2. I think Hitchcock point out the time and date specifically because it's the beginning of a series of important events in Marion's life. After this meeting, her life will change forever. The feeling of sinfulness will slowly develop within her as time pass by. She is letting sin develop and control her life. 

 

I think Hitchcock elects to enter the hotel room through the semi-closed blinds from the outside to develop a sense of censorship happening inside the room. Sam and Marion was doing an act of crime and sin, an act of sexual relationship and adultery. It is also voyeurism in a sense, we are looking at the lives of other people and their private actions, similar to Rear Window where Stewart is a absolute, bonafide "peeping tom".

 

3. We are introduce to what's happening in the hotel room. We see Marion's whole body and the action of pulling the pants up of a man, indicating that they just have an act of sex. In the scene, by seeing Marion's whole body, we know that the focus is on Marion, another Hitchcock story where the focus is on the blonde girl. She looks up to the man in admiration. She seems innocent and pure judging from her white lingerie ,but after spending the afternoon with the man, she slowly progressed to sin and transgressed to the dark side of human nature. Having sex with Sam is Marion's first act of sin. In the end, she received her consequences for her act of sin.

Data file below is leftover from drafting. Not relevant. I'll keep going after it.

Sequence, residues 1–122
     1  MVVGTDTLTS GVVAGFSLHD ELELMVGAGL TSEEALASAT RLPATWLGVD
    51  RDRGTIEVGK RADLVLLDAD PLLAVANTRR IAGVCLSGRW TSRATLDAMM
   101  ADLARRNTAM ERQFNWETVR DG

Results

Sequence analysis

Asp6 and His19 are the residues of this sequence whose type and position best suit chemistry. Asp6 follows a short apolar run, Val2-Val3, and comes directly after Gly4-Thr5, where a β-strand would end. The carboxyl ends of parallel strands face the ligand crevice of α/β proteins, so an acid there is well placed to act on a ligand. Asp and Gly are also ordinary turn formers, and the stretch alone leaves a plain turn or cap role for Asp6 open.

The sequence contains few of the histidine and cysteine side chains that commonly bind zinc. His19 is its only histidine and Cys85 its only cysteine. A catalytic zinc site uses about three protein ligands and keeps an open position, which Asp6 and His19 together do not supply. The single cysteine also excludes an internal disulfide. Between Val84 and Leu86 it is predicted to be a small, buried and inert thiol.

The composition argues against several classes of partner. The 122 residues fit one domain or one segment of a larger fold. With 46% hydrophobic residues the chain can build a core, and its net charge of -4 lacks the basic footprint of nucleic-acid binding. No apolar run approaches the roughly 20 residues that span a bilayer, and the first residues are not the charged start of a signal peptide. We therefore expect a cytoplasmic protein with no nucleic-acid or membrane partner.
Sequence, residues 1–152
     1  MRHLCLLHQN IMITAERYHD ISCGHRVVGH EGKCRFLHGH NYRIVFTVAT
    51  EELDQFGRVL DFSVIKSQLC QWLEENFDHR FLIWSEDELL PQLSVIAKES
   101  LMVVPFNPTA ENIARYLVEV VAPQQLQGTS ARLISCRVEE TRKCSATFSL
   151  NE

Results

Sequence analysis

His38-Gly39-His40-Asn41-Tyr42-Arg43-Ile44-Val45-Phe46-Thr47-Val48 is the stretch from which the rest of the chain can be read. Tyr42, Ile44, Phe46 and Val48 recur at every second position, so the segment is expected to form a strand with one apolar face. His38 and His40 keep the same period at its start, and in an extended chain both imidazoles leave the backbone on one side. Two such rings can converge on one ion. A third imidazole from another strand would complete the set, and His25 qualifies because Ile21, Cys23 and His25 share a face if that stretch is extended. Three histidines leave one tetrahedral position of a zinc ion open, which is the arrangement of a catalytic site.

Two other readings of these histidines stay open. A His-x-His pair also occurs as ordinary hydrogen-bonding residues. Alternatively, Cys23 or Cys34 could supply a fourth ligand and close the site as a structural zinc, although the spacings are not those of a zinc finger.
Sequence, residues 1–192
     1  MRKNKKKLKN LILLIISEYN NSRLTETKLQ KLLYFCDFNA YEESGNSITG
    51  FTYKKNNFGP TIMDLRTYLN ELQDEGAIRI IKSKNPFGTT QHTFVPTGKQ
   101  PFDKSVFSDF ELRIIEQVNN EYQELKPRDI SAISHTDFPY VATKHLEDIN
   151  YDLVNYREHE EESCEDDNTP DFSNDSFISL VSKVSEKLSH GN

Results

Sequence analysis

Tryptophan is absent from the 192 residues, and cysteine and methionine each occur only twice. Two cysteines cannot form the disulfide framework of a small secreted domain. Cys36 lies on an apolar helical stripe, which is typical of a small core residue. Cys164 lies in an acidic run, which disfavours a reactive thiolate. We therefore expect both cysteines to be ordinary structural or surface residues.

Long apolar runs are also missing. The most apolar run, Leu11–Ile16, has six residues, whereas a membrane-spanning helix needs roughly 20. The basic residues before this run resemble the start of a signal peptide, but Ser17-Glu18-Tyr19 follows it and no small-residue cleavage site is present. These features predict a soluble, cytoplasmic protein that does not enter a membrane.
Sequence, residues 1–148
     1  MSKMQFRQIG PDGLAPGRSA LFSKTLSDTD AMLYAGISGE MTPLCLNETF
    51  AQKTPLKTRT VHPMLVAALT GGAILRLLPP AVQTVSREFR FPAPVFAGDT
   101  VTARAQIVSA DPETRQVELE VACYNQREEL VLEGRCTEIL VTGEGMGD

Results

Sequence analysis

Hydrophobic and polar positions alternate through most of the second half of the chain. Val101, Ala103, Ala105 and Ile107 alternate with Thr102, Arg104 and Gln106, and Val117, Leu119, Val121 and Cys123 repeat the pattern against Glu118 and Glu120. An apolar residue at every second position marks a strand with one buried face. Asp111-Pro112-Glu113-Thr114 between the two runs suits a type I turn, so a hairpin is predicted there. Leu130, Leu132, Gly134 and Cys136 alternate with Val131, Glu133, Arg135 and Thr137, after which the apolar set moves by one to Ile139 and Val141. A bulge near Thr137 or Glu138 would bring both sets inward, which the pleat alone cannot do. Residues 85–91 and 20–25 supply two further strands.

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The title design/music of this film reminds me of all the psychological thrillers ever directed and produced rolled into one. The score is just brilliant and developes this very primitive black and white design to epic proportions. Simply chilling....untouchable. This is Psycho....depicting the dissociative identity disorder of Norman by fragmenting the titles and completely splitting the design vertical and horizontal.

 

The opening scene is precise with time and place and suggests the need to know for the audience to create a timeline of events to take place. It immediately captivates the viewer and says, pay attention to what you are about to witness or possibly what a detective would need to know in a crime when following the trail of evidence. The POV upon entering the hotel through the window is vouyeristic and a Hitchcock signature.

 

The introduction of characters displays sexual sin/infidelity, the cat/mouse game of lovers who seduce for personal desires and goals. I find it interesting having seen this film once, this scene is directly linked to Norman in the sense he was terribly abused by his mother mentally when she raised him to believe any sexual contact was wrong and he finally killed her and her lover in some Freudian mental breakdown which triggers his illness. Marion is the main character as Hitch gives us her thoughts, questions, vulnerability, and victim persona from the get go. Without this class I could have watched this 10 times and not had this insight. I am thankful and will see this film with a new pair of glasses.....